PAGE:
The mystery of the vanishing bird penis is actually an important question — not just for understanding the evolution of our feathered friends, but for clues it may offer to little-understood human genetic disorders.
Male birds that lack a penis have an opening known as a cloaca. To mate, a male bird presses his cloaca against a female’s, so that his sperm can flow into her body. Scientists have a poetic name for this act: the cloacal kiss.
ways of seeing 1
he escapes in a stranger’s coat with his wife.
And the cloth smells of sweat;
a dog runs after them
licking the earth where they walked and sat.
In the kitchen, on a stairwell, above the toilet,
he will show her the way to silence,
they will leave the radio talking to itself.
Making love, they turn off the lights
but the neighbor has binoculars
and he watches, dust settling on his lids.
It is the 1930s: Petersburg is a frozen ship.
The cathedrals, cafés, down Nevski Prospect
they move, as the New State
sticks its pins into them.
[In Crimia, he gathered together rich ‘liberals’ and said to them strictly: On Judgment Day, if you are asked whether you understood the poet Osip Mandelstam; say no. Have you fed him? – You must answer yes.]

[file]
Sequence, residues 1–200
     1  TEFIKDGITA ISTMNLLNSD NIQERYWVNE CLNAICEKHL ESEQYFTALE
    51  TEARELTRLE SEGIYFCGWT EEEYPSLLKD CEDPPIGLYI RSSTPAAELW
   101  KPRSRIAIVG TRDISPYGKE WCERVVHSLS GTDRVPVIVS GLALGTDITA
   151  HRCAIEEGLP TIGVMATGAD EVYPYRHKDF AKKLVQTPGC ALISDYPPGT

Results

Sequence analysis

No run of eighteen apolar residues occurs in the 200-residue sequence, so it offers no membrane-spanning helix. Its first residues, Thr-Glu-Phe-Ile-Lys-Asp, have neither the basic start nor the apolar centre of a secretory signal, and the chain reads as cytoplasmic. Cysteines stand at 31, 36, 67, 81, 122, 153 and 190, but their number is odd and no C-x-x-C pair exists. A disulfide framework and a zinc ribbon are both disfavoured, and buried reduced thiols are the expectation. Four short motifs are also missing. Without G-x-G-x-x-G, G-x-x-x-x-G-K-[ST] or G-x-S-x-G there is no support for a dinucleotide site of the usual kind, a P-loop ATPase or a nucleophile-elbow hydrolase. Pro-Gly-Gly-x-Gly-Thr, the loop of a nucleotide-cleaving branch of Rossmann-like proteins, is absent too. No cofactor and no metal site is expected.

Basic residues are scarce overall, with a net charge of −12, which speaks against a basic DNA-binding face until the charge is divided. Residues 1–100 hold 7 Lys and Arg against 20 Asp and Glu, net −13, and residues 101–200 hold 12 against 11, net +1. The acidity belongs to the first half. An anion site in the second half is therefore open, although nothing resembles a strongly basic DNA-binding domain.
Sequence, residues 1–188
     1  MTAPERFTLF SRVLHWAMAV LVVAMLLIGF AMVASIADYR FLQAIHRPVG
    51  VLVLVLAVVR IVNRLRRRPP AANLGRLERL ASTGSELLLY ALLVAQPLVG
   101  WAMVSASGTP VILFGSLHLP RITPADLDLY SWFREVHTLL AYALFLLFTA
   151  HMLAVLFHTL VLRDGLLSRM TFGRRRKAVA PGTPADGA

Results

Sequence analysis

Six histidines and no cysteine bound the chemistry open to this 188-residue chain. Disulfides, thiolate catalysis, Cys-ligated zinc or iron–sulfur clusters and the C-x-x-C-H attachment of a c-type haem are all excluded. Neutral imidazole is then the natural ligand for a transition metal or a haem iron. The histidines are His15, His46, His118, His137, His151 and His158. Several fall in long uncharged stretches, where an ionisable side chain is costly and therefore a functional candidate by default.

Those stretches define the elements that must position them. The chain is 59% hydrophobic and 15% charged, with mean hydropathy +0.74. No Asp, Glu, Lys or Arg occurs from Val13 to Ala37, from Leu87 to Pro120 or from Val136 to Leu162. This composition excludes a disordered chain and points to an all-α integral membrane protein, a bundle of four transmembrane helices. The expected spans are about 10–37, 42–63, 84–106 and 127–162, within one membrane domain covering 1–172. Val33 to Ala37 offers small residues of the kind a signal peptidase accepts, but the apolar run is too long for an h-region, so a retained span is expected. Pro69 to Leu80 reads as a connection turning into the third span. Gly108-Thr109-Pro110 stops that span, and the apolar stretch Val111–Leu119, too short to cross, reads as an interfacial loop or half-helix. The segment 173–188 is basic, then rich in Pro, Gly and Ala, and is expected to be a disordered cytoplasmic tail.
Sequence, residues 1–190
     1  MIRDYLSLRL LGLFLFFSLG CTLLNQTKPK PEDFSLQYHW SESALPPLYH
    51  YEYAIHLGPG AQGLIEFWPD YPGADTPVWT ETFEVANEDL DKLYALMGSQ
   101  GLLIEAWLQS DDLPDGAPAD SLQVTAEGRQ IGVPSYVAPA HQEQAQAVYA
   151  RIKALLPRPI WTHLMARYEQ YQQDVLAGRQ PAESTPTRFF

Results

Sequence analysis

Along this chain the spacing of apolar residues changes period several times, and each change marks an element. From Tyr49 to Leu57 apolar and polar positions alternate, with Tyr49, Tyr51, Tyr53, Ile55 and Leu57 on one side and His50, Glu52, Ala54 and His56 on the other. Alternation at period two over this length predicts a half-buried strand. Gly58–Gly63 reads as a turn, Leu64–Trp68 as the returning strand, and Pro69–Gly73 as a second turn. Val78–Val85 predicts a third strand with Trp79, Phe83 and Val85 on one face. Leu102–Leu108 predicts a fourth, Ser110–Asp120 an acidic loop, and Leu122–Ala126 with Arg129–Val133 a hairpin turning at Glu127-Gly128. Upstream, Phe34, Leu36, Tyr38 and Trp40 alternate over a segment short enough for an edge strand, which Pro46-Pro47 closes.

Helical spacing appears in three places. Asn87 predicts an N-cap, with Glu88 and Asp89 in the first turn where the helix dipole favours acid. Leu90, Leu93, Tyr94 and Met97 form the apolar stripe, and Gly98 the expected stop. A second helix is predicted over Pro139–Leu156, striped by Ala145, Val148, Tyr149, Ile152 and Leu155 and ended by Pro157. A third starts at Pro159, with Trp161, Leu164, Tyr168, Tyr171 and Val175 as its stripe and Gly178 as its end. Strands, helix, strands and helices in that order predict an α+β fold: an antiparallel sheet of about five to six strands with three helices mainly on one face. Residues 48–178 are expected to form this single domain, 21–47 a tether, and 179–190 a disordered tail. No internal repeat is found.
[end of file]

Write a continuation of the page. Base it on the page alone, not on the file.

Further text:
and confess, I loved grapefruit.
In a kitchen: sausages; tasting vodka,
the men raise their cups.
A boy in a white shirt, I dip my finger
into sweetness. Mother washes
behind my ears. And we speak of everything
that does not come true,
which is to say: it was August.
August! the light in the trees, full of fury. August
filling hands with language that tastes like smoke.
Now, memory, pour some beer,
salt the rim of the glass; you
who are writing me, have what you want:
a golden coin, my tongue to put it under.
he walks unshaven in dark-green pants.
In cathedrals: he falls on his knees, praying HAPPINESS!
His words on the floor are the skeletons of dead birds.)
I’ve loved, yes. Washed my hands. Spoke
of loyalty to the earth. Now death,
a loverboy, counts my fingers.
I escape and am caught, escape again
and am caught, escape
and am caught: in this song,
the singer is a clay figure,
poetry is the self—I resist
the self. Elsewhere:
St. Petersburg stands
like a lost youth
whose churches, ships, and guillotines
accelerate our lives.
Dayna Bartoli in Lensculture:
I am a visual artist, and I work as an Ophthalmic Photographer, photographing retinal blood vessels. Especially in this project, my artwork has been influenced by what I do and see at my medical job. My project Florafaunal Angiography is about combining the anatomical and aesthetic aspects of seeing. Each photograph is layered with an image of retinal blood vessels. The work becomes about the visual patterns and interactions that form between the images of blood vessels and nature's flora and fauna.
About the award-winning photographer: Dayna Bartoli is an artist currently living in Scottsdale, Arizona. She graduated with a BFA from Arizona State University in 2010, and has since been working as a medical photographer. She will be pursuing her MFA at the Trondheim Academy of Fine Art in Norway starting this fall.